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dc.contributor.advisorGomez, Francisco Gustavo, 1971-eng
dc.contributor.authorJaafar, Ranieng
dc.coverage.spatialLebanoneng
dc.date.issued2008eng
dc.date.submitted2008 Falleng
dc.descriptionTitle from PDF of title page (University of Missouri--Columbia, viewed on Feb. 12, 2010 ).eng
dc.descriptionThe entire thesis text is included in the research.pdf file; the official abstract appears in the short.pdf file; a non-technical public abstract appears in the public.pdf file.eng
dc.descriptionDr. Francisco Gomez, Thesis Supervisor.eng
dc.descriptionIncludes bibliographical references.eng
dc.descriptionM.S. University of Missouri--Columbia 2008.eng
dc.descriptionDissertations, Academic -- University of Missouri--Columbia -- Geology.eng
dc.description.abstractThe Lebanese restraining bend is a 200 km long bend with a left lateral sense of slip located along the Dead Sea fault system (DSFS) between 33.2 and 34.6 degrees north latitude. The DSFS is a transform plate boundary fault system accommodating the differential northward movement of Arabian and Sinai plates relative to the Eurasian plate. Within the Lebanese Restraining bend, The DSFS splays into five left-lateral strike-slip faults, forming a positive flower structure. This study combines GPS measurements from Lebanon, where surveys span about 5.5 years, with sites from the Anti Lebanon Mountains in SW Syria for a more complete view of crustal deformation in the restraining bend. The GPS network includes continuous GPS sites and 27 campaign sites: 14 sites in Lebanon installed in 2002, 8 sites in Lebanon installed in 2005, and 5 sites in southwestern Syria. Preliminary velocities for older campaign sites have uncertainties less than 0.75 mm/yr, whereas newer sites have around 1.5 mm/yr uncertainties. The improved spatial coverage and reduced uncertainties allow constructing; 1) elastic fault models that explore strain partitioning between two strike slip faults (Yammouneh and Serghaya faults) and a generalized off-shore thrust fault to accommodate convergence in the restraining bend, and 2) continuum (velocity gradient) models that explore infinitesimal strain and rotation rates. The models suggest a displacement rate of 4.5-5.5 mm/yr along the Yammouneh fault and a counter clock wise rotation of 0.5°-1.75°/MA within the bend. This study provides an essential tool for assessing the seismic hazard in the vicinity of the Lebanese restraining bend.eng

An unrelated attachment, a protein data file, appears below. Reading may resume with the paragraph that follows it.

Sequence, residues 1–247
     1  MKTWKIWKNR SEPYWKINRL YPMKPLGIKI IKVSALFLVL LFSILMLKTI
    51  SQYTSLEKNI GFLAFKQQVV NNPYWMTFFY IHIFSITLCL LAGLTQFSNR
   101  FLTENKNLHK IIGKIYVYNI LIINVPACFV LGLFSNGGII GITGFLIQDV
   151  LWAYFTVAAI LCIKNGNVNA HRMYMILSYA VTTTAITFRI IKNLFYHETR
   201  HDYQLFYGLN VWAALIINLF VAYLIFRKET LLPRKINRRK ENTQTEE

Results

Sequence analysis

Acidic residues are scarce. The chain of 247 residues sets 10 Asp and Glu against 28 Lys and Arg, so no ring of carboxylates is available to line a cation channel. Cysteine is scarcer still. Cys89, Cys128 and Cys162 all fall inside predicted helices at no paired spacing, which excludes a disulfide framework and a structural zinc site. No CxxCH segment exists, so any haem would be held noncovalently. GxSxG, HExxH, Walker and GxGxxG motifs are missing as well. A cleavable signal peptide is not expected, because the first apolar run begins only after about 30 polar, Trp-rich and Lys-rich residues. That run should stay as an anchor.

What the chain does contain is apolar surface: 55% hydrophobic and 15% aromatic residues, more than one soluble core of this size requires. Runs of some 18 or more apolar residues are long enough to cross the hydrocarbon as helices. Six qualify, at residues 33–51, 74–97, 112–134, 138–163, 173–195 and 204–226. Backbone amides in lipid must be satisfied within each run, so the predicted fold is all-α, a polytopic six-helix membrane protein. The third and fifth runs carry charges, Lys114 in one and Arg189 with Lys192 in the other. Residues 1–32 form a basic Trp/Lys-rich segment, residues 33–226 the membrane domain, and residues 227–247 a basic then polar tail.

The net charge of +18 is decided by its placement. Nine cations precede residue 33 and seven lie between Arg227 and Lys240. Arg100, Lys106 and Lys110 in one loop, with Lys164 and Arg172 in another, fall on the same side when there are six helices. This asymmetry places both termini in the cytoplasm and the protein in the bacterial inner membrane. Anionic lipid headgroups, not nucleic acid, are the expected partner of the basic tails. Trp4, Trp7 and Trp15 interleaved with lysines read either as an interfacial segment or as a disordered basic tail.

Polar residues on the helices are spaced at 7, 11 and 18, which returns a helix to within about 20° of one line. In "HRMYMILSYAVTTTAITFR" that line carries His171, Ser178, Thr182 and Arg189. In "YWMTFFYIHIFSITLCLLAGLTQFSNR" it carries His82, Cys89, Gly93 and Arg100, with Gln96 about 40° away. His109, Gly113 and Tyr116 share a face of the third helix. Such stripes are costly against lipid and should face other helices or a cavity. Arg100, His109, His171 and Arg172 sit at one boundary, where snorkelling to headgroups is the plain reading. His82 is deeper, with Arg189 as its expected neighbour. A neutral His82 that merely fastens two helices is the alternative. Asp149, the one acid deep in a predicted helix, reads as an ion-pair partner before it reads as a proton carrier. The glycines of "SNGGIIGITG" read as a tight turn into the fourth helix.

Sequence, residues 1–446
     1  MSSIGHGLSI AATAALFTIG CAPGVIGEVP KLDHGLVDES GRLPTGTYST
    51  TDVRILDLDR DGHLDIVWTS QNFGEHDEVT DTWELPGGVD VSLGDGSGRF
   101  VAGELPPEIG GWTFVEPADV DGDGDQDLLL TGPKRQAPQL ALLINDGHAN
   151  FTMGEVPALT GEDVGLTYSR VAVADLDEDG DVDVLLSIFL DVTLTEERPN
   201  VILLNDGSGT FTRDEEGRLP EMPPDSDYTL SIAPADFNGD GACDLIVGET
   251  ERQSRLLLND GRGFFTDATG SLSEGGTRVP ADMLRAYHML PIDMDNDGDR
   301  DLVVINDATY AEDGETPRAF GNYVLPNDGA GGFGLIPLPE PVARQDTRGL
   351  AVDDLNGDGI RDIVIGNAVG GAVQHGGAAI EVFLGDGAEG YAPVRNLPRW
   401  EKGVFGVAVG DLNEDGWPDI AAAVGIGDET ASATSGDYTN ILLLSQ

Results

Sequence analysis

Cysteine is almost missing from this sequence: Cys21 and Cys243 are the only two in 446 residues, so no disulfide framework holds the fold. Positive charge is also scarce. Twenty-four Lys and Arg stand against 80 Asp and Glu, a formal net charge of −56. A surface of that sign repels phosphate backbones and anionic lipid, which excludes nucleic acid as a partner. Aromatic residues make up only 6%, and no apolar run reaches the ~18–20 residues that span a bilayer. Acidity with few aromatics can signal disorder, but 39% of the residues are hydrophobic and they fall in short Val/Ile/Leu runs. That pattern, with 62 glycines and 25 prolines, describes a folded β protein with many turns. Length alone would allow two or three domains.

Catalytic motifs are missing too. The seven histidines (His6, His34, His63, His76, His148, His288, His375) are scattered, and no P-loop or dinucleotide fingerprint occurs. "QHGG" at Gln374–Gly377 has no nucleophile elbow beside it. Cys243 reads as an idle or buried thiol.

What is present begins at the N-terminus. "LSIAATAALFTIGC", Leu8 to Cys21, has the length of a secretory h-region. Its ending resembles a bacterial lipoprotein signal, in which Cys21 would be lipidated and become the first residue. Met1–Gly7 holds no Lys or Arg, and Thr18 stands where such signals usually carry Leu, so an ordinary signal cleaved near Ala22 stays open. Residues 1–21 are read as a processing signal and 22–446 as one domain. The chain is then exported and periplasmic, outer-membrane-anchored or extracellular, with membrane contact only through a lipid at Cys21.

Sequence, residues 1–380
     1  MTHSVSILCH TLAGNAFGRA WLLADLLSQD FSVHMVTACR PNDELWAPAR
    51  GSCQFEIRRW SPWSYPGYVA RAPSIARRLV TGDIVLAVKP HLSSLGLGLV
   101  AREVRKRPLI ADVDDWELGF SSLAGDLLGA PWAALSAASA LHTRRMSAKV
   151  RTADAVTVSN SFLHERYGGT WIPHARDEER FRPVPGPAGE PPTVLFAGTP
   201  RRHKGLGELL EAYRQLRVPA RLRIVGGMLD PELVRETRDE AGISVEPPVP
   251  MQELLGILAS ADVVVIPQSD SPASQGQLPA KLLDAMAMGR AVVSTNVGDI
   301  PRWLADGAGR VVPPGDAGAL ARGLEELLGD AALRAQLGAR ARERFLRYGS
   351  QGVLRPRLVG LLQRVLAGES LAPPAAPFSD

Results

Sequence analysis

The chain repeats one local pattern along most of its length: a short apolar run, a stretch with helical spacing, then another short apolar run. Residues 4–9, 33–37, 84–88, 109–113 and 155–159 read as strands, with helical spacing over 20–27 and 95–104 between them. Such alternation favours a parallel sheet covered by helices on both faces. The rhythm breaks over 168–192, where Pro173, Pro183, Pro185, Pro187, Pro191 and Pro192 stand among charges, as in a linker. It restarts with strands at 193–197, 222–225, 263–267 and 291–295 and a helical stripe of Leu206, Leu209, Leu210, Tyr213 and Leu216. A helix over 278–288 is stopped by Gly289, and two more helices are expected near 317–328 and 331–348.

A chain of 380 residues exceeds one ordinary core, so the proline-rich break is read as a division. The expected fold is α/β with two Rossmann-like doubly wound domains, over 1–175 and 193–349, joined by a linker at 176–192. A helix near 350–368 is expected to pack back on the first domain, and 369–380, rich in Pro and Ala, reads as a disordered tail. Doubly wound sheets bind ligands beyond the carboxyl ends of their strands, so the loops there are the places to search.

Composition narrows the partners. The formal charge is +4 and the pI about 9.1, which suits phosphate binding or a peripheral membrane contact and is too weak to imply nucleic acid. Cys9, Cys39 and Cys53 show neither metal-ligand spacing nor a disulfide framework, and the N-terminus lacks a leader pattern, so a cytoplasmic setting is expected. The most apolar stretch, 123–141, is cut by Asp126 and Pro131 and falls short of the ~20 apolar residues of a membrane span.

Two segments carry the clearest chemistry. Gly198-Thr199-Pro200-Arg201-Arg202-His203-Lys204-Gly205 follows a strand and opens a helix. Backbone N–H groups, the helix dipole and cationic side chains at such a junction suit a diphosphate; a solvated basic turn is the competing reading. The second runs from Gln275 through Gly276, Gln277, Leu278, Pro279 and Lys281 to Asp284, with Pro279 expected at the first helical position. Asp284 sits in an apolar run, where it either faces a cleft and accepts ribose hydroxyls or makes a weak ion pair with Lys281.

dc.format.extentviii, 63 pageseng
dc.identifier.oclc535515175eng
dc.identifier.otherJaafarR-110309-T15797eng
dc.identifier.urihttp://hdl.handle.net/10355/6288eng
dc.publisherUniversity of Missouri--Columbiaeng
dc.relation.ispartof2008 Freely available theses (MU)eng
dc.relation.ispartofcommunityUniversity of Missouri-Columbia. Graduate School. Theses and Dissertations. Theses. 2008 Theseseng
dc.subject.lcshSeismology -- Researcheng
dc.subject.lcshFault zoneseng
dc.subject.lcshPlate tectonicseng
dc.titleGPS measurements of present day crustal deformation within the Lebanese Restraining Bend along the Dead Sea Transformeng
dc.typeThesiseng
thesis.degree.disciplineGeological sciences (MU)eng
thesis.degree.grantorUniversity of Missouri--Columbiaeng
thesis.degree.levelMasterseng
thesis.degree.nameM.S.eng


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